After passing 10,000 ft, the cabin crew commenced their preparations for service, but the seat belt signs remained on the entire flight. After the start of cabin service, the flight deck was contacted by the LCA to inform us that Mr Kamra was back in the passenger aisle by Row 1 speaking in a raised voice to Mr Goswami. She mentioned that she was informed by a passenger that Mr Kamra had briefly used abusive language. Upon hearing this I turned the surveillance on from the cockpit to observe the events at Row 1. I noticed Mr Kamra gesticulating to Mr Goswami who was unresponsive. I did not observe any physical contact between the two gentlemen at any point.

At this time I made a Passenger Address to the cabin asking the gentleman standing in the passenger aisle near Row 1 to return to his seat, and that any disagreements they may have could be sorted out on the ground after the conclusion of the flight. Mr Kamra upon hearing this immediately apologised again to the LCA, relayed an apology to me via the LCA and subsequently returned to his seat.

A few minutes after this, I turned on the surveillance again to check the status of the forward cabin area. I noticed a number of passengers crowding around the forward area waiting to use the lavatory and — in my opinion — to get a better look at Mr Goswami. I noticed a passenger try (sic) to talk to Mr Goswami.

Not wanting to exacerbate this developing pattern, I made another Passenger Address reminding passengers that the seatbelt signs were still on and that we were expecting turbulence. I asked them to return to their seats, fasten their seatbelts and request the cabin crew for assistance if they needed to use the lavatories. Upon making the announcement, the passengers vacated the forward galley, returned to their seats and a return to normalcy was observed.

I then asked the LCA to speak with Mr Goswami and inform him that the Flight Deck send their regards, and that if he wished to lodge a complaint, we would be happy to assist him after landing in Lucknow. He was also offered extra F&B. He thanked the LCA and acknowledged the offer.

After the flight when most passengers had deplaned, Mr Kamra requested permission to enter the flight deck to speak with me to personally apologise again. He did so. I asked him if his issue was political in nature, which he confirmed. I advised him that while we are all entitled to our opinions, there was a time and place to voice them, and that mid-flight was no place for it. He agreed, thanked us and left the aircraft.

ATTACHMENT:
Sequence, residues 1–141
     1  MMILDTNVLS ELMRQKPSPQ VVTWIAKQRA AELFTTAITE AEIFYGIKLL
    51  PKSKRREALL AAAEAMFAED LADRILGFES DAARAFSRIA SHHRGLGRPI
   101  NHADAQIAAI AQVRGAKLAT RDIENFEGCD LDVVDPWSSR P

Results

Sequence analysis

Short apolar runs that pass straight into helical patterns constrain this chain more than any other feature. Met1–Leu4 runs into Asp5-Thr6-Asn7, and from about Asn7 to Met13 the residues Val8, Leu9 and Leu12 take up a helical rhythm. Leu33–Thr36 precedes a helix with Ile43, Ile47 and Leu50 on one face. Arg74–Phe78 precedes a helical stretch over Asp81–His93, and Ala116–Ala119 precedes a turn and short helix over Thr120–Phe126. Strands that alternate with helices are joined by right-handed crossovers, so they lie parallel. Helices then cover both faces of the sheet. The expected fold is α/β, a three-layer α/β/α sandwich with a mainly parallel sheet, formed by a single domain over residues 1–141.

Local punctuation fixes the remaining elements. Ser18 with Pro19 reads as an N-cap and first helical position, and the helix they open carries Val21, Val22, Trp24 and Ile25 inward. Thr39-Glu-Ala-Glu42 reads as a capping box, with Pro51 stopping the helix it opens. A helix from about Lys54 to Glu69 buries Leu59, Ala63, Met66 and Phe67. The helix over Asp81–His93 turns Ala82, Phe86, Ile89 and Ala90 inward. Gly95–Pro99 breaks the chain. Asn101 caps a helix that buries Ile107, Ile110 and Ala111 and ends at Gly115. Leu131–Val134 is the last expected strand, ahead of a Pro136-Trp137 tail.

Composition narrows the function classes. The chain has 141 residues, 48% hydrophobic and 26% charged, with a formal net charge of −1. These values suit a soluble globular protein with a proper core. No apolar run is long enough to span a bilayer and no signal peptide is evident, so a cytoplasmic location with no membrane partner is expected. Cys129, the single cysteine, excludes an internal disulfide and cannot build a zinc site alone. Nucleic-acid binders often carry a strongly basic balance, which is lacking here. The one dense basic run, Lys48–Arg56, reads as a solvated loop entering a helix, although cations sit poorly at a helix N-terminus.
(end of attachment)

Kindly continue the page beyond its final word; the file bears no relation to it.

The flight deck crew briefly encountered Mr. Kamra again outside the LKO terminal where we were waiting for Hotel Transport. He apologised again and left.

While Mr. Kamra’s behaviour was unacceptable and verbally abusive, at no point did he not comply with Crew instructions. While he did briefly display Level 1 traits for Disruptive behaviour (ICAO Doc 9811), he was also immediately compliant of crew instruction, was never issued a red warning card and hence cannot be classified as such. Furthermore, in-line with the IndiGo SEP Manual guidelines for Disruptive Behaviour, the situation was diffused, the passenger in question kept under observation and the cabin kept in lockdown for the duration of the flight. Hence, no further action on the part of the Cockpit Crew was required. The LCA advised me she would be filing a report on her end in-line with Cabin Crew guidelines.

As Captain of 6E5317 BOMLKO on 28.01.2020, I do not find the aforementioned events reportable in any way. Mr Kamra’s behaviour while unsavoury, was NOT qualifying of a Level 1 Unruly passenger. Indeed we pilots can all attest to incidents similar and/or worse in nature that were not deemed Unruly.

Furthermore, I was disheartened to learn that my Airline has taken action in this case solely on the basis of Social Media posts, with no consultation whatsoever with the Pilot-in-Command. This is somewhat unprecedented in my 9 years of Airline flying. Moving forward, am I to understand that the bar for interpretation of a Disruptive passenger is lower/different when it comes to high profile cases? Perhaps the SEP Manual is to be amended to reflect this? I would like a clarification from the Airline as this leaves a lot of room for ambiguity.

Thank you.

Yours Sincerely, Capt. Rohit Mateti